For decades, saturated fat and cholesterol have been demonized in our diets. Since the latter part of the 20th century, we’ve been told these nutrients would clog our arteries, give us heart attacks, and cause us to gain weight, so we did our best to avoid them.
This thought, called the Diet-Heart Hypothesis, birthed the low-fat-everything industry—low-fat milk, cheese, yogurt, cookies, and margarine.
But what does today's research suggest?
One study found that there might be no association between high total cholesterol and stroke risk. In fact, other research has shown that low cholesterol may actually increase the likelihood of death.
In fact, there is a growing number of studies that found similar results: Lowering dietary saturated fat and cholesterol did not decrease heart attacks.
The truth is that as the fattiest organ in your body, your brain is composed of 60 percent fat, and as much as 25 percent of your body’s cholesterol is found in the brain. Moreover, we need cholesterol to make healthy hormones and have a healthy immune system and nerves. It should be no surprise that some of the many side effects of cholesterol-lowering statins include memory loss, nerve pain, hormonal problems, low sex drive, and erectile dysfunction.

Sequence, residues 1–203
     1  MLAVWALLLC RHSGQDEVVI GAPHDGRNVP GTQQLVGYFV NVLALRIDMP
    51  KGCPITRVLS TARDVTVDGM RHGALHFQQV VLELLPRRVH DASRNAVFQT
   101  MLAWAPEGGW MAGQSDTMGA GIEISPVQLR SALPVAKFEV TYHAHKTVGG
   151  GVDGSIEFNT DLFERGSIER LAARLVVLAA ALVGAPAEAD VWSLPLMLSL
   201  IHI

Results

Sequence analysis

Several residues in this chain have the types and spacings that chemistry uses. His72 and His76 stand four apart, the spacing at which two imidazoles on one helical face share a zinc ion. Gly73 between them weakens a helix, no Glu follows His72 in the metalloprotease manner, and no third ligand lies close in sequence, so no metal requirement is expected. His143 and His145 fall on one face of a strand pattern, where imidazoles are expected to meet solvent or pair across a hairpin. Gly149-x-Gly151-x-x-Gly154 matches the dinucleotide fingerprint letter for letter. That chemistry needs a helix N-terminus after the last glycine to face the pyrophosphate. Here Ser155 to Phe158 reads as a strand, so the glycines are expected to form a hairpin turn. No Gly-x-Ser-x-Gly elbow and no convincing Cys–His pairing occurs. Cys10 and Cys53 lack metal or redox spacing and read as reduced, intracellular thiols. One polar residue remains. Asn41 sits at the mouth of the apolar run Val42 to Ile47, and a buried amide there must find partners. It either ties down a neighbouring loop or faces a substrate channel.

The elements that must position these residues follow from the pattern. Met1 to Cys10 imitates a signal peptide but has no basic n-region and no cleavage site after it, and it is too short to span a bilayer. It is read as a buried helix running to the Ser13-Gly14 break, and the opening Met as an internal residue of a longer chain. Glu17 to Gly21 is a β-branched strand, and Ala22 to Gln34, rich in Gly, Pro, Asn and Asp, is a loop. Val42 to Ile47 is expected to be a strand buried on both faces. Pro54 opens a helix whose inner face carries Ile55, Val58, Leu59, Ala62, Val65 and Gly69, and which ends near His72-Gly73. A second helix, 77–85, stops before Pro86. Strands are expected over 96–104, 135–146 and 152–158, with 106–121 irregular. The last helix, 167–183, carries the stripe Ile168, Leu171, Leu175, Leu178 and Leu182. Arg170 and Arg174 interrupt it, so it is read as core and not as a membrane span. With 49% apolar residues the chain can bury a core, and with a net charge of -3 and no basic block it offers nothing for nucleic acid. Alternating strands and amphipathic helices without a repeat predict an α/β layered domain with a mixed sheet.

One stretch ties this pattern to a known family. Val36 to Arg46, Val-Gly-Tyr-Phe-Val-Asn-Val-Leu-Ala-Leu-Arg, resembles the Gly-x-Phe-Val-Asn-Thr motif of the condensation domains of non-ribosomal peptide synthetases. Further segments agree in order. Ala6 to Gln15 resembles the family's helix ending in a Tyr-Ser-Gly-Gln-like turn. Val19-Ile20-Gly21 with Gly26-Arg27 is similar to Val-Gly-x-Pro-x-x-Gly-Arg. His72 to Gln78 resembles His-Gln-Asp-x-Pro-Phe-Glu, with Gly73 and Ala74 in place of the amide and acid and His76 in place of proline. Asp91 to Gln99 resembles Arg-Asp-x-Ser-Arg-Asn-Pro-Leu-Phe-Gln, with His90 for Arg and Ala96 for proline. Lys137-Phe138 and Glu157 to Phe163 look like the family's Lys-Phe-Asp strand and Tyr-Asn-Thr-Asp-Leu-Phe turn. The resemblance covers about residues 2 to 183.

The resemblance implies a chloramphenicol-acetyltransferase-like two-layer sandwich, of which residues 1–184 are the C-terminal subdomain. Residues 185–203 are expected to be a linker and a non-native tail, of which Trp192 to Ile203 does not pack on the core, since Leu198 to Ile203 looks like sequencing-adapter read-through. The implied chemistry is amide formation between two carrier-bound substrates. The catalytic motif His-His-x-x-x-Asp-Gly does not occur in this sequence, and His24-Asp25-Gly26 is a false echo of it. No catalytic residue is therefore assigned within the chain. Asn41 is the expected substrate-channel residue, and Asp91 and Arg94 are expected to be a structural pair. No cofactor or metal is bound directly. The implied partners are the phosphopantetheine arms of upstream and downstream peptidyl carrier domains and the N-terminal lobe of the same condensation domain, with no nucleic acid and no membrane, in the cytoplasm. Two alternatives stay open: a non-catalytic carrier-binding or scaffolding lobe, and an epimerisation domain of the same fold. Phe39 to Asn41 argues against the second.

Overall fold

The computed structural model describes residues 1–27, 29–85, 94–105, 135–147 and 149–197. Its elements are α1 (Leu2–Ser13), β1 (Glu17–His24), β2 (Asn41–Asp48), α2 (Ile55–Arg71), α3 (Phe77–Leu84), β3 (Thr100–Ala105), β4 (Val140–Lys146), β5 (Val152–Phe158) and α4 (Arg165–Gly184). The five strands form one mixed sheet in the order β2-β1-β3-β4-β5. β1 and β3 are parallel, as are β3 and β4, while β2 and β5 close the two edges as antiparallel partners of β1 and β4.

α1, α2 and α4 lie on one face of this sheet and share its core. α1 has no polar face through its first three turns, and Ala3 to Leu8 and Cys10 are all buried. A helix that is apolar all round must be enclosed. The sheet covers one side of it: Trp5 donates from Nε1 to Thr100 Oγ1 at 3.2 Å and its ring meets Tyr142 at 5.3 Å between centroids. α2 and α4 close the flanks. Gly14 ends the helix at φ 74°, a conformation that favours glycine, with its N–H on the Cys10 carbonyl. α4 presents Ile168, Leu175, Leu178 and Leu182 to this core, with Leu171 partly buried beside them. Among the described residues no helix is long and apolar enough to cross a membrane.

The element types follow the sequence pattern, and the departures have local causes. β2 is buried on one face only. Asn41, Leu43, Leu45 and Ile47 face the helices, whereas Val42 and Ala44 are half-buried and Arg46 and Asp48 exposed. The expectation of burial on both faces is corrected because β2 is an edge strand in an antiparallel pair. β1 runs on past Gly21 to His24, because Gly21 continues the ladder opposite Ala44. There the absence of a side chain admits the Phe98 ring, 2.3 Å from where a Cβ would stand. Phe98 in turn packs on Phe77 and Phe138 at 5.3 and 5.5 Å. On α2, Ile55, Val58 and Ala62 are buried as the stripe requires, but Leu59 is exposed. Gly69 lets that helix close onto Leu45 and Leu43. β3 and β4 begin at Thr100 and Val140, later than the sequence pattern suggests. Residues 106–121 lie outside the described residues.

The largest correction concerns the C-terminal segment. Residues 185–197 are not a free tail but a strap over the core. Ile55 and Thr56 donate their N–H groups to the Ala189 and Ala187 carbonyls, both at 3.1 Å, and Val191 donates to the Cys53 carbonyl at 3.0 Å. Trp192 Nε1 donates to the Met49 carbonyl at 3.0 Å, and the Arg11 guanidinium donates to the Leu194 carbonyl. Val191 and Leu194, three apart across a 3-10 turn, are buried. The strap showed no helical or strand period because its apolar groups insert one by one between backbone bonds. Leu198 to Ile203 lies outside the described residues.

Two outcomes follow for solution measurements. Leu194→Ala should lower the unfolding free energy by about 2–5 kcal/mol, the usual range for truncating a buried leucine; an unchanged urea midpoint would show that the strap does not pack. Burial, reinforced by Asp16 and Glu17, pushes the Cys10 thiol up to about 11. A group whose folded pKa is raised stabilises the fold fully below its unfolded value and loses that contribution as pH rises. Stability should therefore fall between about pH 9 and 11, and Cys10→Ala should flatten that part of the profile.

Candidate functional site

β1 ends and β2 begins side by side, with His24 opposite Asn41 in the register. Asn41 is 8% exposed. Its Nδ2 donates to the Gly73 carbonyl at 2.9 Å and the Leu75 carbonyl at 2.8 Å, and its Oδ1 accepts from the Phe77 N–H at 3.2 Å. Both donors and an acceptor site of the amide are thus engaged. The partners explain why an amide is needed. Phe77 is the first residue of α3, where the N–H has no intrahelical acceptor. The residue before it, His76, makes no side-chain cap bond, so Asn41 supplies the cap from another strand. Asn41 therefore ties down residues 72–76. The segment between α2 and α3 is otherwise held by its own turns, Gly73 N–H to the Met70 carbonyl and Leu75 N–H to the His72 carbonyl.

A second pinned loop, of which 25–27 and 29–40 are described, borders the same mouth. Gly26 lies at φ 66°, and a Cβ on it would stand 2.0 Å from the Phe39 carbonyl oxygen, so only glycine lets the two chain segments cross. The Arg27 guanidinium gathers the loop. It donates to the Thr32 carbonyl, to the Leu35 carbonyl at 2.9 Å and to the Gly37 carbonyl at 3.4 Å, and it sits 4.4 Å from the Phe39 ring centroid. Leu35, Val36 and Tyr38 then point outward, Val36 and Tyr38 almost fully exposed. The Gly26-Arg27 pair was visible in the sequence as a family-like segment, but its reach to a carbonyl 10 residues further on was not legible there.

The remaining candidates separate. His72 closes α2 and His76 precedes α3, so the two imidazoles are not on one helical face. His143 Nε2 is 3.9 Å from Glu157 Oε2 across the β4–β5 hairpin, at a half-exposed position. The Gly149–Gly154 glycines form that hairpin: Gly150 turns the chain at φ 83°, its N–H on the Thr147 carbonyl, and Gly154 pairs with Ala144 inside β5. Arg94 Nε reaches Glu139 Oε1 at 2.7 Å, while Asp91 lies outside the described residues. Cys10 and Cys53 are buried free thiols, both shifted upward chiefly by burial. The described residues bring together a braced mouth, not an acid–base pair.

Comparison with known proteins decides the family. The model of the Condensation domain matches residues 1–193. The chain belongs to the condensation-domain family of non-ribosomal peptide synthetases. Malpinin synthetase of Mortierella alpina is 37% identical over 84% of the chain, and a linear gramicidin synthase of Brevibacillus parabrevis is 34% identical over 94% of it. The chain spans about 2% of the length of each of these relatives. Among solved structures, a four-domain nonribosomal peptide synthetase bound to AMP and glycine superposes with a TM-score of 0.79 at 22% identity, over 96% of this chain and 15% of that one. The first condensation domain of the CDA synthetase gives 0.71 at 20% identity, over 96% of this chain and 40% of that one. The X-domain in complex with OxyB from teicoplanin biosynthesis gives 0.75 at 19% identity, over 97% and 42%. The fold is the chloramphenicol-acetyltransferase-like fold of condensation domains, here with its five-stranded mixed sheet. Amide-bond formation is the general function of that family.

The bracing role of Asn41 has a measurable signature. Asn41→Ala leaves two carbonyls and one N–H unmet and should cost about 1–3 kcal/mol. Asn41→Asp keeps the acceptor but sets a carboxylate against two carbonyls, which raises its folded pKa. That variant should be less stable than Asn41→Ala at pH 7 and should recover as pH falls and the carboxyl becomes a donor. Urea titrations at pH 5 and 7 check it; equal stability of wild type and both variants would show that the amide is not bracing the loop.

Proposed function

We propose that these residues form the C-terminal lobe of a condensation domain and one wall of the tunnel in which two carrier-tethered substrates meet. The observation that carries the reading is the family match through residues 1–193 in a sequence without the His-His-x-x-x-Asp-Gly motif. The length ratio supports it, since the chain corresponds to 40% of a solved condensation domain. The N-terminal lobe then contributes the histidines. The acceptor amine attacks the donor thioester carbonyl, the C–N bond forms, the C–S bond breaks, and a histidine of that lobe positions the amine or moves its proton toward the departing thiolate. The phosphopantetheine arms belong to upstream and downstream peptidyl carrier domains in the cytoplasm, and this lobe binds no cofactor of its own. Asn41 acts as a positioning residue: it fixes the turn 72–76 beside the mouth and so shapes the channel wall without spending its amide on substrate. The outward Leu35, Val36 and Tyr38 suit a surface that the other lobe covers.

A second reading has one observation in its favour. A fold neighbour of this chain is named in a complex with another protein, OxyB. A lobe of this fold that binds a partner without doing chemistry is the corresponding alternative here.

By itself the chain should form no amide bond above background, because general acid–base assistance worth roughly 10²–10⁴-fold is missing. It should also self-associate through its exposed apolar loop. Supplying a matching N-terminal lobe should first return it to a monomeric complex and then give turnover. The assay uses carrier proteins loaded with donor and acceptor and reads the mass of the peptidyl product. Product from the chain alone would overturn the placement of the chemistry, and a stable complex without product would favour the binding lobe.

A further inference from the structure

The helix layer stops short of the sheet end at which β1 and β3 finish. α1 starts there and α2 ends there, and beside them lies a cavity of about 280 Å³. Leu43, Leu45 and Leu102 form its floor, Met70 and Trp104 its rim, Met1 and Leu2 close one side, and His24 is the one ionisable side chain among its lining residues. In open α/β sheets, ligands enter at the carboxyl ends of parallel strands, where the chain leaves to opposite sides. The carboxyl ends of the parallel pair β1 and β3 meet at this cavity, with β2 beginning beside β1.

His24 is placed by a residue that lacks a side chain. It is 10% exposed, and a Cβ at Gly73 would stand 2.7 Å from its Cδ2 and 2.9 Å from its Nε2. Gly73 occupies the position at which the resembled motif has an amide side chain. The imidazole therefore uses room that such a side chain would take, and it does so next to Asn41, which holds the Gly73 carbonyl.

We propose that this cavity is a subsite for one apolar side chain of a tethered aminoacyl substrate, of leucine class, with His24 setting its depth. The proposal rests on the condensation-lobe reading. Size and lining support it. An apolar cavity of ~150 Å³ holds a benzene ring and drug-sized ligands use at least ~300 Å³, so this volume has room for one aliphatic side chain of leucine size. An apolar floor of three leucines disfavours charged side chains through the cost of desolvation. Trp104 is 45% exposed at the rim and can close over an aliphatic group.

In truth, consuming cholesterol and healthy fat is critical to the health and function of the brain and hormones, but for years we’ve been starving them from their favorite food.
The same goes for fats—specifically two fats found in butter. Arachidonic and docosahexaenoic acids are two forms of fat that are only found in bioavailable amounts in animal fats such as butter. These two saturated fats play an über-important role in brain and hormone health.